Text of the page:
Yippee! We’re in the money, as the old song goes. Just minutes ago I received an email. It’s informal, starts only with “Hi” and its brief message is: “A Payment may have been sent to you.” The amount: $4,392.81. The status is marked as “Approved.”
The final sentence says, “If this email was sent to you by mistake, please ignore it.” And it ends with “Good luck.” The typed name is simply Richard L. I thank Richard for the familiarity and applaud the casual tone of somehow sending by mistake an email that promises a financial reward.
Ah, shucks! Easy come — easy go. And thanks for getting my hopes up. Thanks for symbolically ripping that check out of my cold, shaking, 77-year-old hands.
I’d grown almost to miss such missives. We have a brief history of “pie in the sky.” When my mother, Marie, was alive, she called me excitedly with the “news” that she was about to receive a check for $1,000.
Please note that a check of almost any amount, received serendipitously, would be welcome. People lived much more frugally in those days. Mom and Dad bought the house they lived and died in for $2,000. And the seller, a close relative, let them pay it off in $10 chunks, whenever they could.
Even though I was at work when Mom called with the “news,” I told her, “Mom, this looks like a Hillcrest Moment.” And accordingly, I drove her and Dad a couple of blocks from their house, and she bought me “cafecito” at the Hillcrest, the place we called “the haunt of the geriatric set.”
Before discussing my Mom further, let me explain how she became well-known at the Grand Avenue eatery. As Mom and Dad aged, they began using diminutives for most nouns.
Accordingly, tamales became tamalitos, posole was renamed posolito, chile was renamed chilito, tacos became taquitos. And of course, our parents’ offspring continued to be referred at hijitos and hijitas, even after we’d applied for Social Security benefits.
One time at the Hillcrest, Mom and Dad ordered taquitos — and they got just that: tiny, rolled corn tortillas (er — tortillitas) with meat inside. When the order came, both of them noticed not the tightly rolled item wrapped around meat, but three folded-over tacos with salsa, lettuce and tomatoes.
“But we ordered TACOS,” Mom insisted. “No, Mrs. Trujillo, you said “TAQUITOS.” Mom and Dad’s weekly visits to the Hillcrest continued, and each time they ordered taquitos — and got tacos — by agreement.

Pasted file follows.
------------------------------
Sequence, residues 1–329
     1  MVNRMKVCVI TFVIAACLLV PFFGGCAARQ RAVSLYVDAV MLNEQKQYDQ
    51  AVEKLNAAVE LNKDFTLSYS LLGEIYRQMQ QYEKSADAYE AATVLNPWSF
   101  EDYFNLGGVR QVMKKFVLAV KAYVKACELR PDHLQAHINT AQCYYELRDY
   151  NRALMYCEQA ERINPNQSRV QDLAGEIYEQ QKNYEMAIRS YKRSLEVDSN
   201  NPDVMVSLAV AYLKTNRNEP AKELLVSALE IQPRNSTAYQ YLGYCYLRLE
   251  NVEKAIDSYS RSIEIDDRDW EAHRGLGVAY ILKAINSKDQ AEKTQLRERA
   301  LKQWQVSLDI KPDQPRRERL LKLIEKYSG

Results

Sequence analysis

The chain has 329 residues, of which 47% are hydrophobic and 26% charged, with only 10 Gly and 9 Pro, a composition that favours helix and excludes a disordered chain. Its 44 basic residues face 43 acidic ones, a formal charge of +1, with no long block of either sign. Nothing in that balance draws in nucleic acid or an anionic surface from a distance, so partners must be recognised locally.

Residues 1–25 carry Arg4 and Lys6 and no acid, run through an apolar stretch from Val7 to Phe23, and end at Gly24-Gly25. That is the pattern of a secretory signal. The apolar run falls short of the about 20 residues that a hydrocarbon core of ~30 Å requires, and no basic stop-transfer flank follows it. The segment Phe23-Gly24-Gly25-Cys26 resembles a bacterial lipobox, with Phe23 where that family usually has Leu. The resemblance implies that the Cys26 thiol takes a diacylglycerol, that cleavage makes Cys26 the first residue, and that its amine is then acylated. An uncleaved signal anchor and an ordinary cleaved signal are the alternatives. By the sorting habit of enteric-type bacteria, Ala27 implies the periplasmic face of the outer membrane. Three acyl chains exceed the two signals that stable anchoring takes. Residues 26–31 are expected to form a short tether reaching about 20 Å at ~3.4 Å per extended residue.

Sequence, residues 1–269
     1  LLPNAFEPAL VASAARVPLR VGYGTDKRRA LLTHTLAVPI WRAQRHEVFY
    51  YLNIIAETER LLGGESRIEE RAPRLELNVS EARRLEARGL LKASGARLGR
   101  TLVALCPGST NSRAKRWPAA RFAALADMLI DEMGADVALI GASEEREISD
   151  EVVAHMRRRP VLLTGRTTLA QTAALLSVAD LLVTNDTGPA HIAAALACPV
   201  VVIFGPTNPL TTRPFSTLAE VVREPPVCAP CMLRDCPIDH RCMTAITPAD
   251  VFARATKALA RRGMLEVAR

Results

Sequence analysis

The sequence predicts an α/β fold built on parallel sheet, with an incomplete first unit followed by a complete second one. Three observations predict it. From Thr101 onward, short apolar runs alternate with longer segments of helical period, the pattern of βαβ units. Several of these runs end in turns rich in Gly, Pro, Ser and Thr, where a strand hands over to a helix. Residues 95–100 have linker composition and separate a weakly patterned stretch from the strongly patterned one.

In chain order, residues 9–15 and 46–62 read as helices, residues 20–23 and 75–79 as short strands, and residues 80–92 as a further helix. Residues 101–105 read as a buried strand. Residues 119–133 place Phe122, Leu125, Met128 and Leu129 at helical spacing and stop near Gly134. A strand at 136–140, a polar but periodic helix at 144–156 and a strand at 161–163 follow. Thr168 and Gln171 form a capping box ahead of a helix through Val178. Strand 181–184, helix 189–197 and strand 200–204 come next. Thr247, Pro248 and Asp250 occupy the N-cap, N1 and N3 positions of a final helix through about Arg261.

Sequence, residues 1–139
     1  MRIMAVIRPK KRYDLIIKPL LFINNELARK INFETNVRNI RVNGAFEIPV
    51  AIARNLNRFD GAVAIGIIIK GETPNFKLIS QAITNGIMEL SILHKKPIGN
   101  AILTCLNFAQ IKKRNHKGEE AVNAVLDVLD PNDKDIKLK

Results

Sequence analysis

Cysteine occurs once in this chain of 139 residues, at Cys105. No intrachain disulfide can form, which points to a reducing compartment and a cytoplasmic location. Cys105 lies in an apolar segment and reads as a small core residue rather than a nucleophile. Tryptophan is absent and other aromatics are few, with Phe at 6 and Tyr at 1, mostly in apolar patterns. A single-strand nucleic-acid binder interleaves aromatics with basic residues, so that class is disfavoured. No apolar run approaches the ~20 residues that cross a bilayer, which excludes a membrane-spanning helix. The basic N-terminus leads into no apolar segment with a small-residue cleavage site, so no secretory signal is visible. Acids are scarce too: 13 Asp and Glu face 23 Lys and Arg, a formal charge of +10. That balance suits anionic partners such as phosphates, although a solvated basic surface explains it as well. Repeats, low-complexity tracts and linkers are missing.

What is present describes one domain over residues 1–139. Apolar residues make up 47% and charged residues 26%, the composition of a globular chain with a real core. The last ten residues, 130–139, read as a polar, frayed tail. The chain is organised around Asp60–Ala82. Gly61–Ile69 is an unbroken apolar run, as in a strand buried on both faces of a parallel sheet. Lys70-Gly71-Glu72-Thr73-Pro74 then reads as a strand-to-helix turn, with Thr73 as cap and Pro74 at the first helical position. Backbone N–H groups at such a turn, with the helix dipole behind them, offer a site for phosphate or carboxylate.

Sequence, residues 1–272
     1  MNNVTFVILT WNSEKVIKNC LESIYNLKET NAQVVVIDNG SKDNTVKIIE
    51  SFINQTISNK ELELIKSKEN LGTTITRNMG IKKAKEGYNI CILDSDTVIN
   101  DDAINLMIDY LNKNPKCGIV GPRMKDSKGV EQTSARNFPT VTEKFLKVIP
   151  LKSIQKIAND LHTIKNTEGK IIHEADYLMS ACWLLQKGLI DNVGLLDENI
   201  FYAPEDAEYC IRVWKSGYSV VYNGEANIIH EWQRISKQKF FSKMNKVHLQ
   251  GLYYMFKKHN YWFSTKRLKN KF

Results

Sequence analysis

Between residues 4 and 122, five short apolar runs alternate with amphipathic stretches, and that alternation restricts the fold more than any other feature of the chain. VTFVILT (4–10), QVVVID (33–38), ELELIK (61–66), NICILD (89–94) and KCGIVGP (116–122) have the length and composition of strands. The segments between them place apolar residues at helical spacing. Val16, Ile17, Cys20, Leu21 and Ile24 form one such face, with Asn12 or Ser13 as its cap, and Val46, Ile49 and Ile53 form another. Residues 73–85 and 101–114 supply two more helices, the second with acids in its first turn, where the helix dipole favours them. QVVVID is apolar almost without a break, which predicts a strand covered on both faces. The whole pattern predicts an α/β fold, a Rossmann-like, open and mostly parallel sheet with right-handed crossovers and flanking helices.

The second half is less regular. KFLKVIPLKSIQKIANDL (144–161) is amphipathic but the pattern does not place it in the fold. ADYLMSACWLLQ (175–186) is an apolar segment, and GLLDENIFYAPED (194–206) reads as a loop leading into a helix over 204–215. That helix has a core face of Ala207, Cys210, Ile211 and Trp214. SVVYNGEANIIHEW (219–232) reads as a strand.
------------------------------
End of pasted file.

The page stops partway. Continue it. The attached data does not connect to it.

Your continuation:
Finally getting the order straight, we visited over Mom’s assumed windfall. She noticed I was not enthusiastic. She said I was over-cautious. And I think she was bugged because her mind was set on a vacation flight to San Diego with Dad to visit my sister, Dorothy, or a bit of remodeling, or a car. In those days, four-thou-plus would buy a decent car.
Still not persuaded, Mom asked me to phone my brother, Severino, “for an expert opinion.” I used him for “bah-que,” a local Spanglish word that we often used for “backing” or “backup.” Severino often provided some “bah-que” when he sensed I was about to enter into a fight. And vice-versa.
I believe Severino soothed Mom’s anxiety and explained it best when he said, “Mom, people don’t just send free money to strangers.” And I think he even invoked the saying that, “If it sounds too good to be true, it probably is.”
So Mom didn’t get to enjoy the windfall, and we sensed her disappointment. But why blame family? If she’d tried to cash the check, she’d soon discover the bogusness or bogusity of the con game. I believe Mom still expected to enrich herself after that experience but changed her tone when a close friend, a coffee partner told her the same thing had happened to her.
I sensed disappointment in Mom’s tone, even as she agreed, “You’re probably right, Hijito. The offer wasn’t real.”
But it still bothers me that the unscrupulous continue to prey mostly on the elderly, who 1) usually could use the money, 2) who are no longer in the groove of day-to-day finances, and 3) who, being in Mom’s age group, tend to be gullible.
Like my parents, 20 years ago, I too was surprised at the email I received this week. The casualness of the greeting and the “Oops, I’m sorry if we sent this to you in error.” The tone spelled SCAM.
When I began writing this column, my go-to man on such scams was the late Ray Litherland, with the First National Bank, who provided me with reams of material describing the get-rich-quick approach some people use.
My biggest surprise is the nonchalant tone of the email, supposedly signed by a Richard whose last name is simply “L.” In fact, I do know at least three people called Richard L. Their last names are Lindeborg, Lucero and Lovato. I’ve known Lindeborg for years, from our days at Highlands; Lucero was a childhood playmate; and Lovato was my student in Cuba, N.M.
Hmmm. Maybe I’ll give each one a call to find out whether they have something for me, containing a “1,” with several zeroes following closely.
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Trivia question: Was there a slightly overweight male present at the nativity in Bethlehem? If so, please name him.
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Last week’s weight: 227.
This week’s weight: 226